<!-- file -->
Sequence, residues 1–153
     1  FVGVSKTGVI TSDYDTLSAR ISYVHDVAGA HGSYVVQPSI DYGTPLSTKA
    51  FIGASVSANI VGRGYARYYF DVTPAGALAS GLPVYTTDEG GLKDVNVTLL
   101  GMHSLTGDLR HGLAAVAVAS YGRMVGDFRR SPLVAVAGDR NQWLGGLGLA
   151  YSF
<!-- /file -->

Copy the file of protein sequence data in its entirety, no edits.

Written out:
Sequence, residues 1–153
     1  FVGVSKTGVI TSDYDTLSAR ISYVHDVAGA HGSYVVQPSI DYGTPLSTKA
    51  FIGASVSANI VGRGYARYYF DVTPAGALAS GLPVYTTDEG GLKDVNVTLL
   101  GMHSLTGDLR HGLAAVAVAS YGRMVGDFRR SPLVAVAGDR NQWLGGLGLA
   151  YSF